Inner Coffin of the Chantress of Amun-Re Henettawy

This is one of the finest examples of painted wooden coffins made for the priests of Amen and their families at Thebes during Dynasty 21 and early 22.
Charles Reeza — Coffin of Bakenmut, 976-889 BCE, Thebes, Third...
The pharaohs of this time were no longer buried in the Valley of the Kings, but instead built tombs in the Delta, far to the north, where they resided. Security was lax in the Theban necropolis. The coffins and funerary goods of the wealthy citizens of Thebes were placed in unmarked and undecorated family tombs cut into the cliffs on the west bank of the Nile. All the care and detail that in more prosperous times were devoted to the decoration of the tomb chapel were now lavished on the elaborately painted coffins. Every available surface is crowded with religious scenes, images of funerary gods and goddesses, protective spells, and magical symbols. The deceased appears mummiform. An elaborate floral collar entirely covers the upper body, exposing only the separately attached hands (now lost). A pair of red “mummy braces” are crossed over the chest, their point of intersection marked by a winged sun disk. The lower body is covered with tiny figures modeled in gesso against a yellow background, which gives the effect of gold

File:Coffin of Nesykhonsu, about 976-889 BC, Thebes, Third Intermediate  Period, late Dynasty 21 to early Dynasty 22, gessoed and painted sycamore  fig - Cleveland Museum of Art - DSC08773.JPG - Wikimedia Commons

The “mistress of the house and singer of Amun-Re,” Henettawy died, still in her twenties, during a time of political change (the so-called Third Intermediate Period). This was a period when the art of coffin decoration was at its height. Such decoration was especially important at the time because no images enriched the simple underground chambers in which even high-status people were buried—often whole families together.

Mummy Board of Tabakmut | Third Intermediate Period | The Metropolitan  Museum of Art

Henettawy’s funerary equipment included two splendid coffins (25.3.182a, b; 25.3.183a, b) and a mummy board (25.3.184), all of which are shaped like wrapped mummies with elaborate masks fastened over the heads.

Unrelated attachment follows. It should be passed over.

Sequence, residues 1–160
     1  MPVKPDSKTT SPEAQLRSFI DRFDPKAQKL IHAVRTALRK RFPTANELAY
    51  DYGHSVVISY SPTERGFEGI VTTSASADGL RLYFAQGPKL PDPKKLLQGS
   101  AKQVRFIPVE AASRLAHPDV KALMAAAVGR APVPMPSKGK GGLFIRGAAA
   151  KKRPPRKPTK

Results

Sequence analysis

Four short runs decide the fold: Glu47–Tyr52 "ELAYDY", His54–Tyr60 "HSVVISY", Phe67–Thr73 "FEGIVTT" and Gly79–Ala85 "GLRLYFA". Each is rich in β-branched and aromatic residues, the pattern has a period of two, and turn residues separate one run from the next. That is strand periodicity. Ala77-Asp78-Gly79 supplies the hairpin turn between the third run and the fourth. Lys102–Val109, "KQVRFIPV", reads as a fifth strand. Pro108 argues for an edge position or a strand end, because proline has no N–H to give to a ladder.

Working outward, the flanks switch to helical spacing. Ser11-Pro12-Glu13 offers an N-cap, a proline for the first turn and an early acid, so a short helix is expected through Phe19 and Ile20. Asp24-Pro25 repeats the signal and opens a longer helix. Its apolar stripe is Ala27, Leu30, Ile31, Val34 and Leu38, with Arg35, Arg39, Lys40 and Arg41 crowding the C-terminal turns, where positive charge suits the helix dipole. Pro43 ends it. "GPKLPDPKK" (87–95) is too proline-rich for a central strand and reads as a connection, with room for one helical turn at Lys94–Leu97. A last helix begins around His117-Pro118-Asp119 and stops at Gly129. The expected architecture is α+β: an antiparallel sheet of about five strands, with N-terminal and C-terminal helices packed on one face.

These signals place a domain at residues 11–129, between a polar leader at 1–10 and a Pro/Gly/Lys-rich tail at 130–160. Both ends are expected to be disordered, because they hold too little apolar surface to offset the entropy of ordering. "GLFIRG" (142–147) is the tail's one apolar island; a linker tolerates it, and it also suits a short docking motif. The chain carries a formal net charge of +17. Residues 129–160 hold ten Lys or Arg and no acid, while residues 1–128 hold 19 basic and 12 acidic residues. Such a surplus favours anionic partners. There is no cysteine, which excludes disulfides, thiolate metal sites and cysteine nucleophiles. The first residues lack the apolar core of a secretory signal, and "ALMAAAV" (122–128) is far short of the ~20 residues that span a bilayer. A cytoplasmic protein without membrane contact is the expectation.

Henettawy’s inner coffin lid is painted yellow all over, imitating royal coffins made of solid gold or gilded wood. The pectoral is only slightly less elaborate than the one on her outer lid (25.3.182a, b). Its main feature is a large scarab that pushes a sun disk upward to symbolize the rising sun. On each side are enthroned figures of Osiris holding the crook and flail and wearing tall headdresses with ostrich-feather plumes (note his green flesh, symbolizing vegetation, which goes through a cycle of death followed by new growth, and thus represents the rebirth into life after death). Osiris is flanked by two winged goddesses, his sisters Isis and Nephthys, who raise one hand in adoration and sound their sistrums. In front of them are tiny ba spirits of Henettawy.

On the central vertical band, beneath Nut with her outspread wings, are (from top to bottom) a shrine with two crouching figures of Osiris flanking a scarab, Isis and Nephthys adoring the symbol of Osiris, a scepter flanked by winged wedjat eyes, and a winged scarab above the boat of the sun. Note the recurrent representations of reed mats (shown as horizontal bars with vertical subdivisions), upon which high-status people sat and on which offerings were presented; protective cobras with sun-disk headdresses; floral designs; and the hieroglyphs for “stability” and “perfect.” On each side of the central band are five pairs of shrines whose roofs are adorned with protective cobras. Pillars in the shape of the hieroglyph djet, for stability, support the roofs. In each shrine, the image of a deity faces outward, where, at the edge of the coffin lid, Henettawy is seen shaking a sistrum, her hands raised in adoration. The deities she prays to are, from top to bottom, the solar gods Re and Re-Harakhty, the creator god Khnum (in the shape of a ram), the four sons of Horus (in charge of the deceased’s organs), and Anubis, who sits in a much lower shrine and is adored by Henettawy’s ba.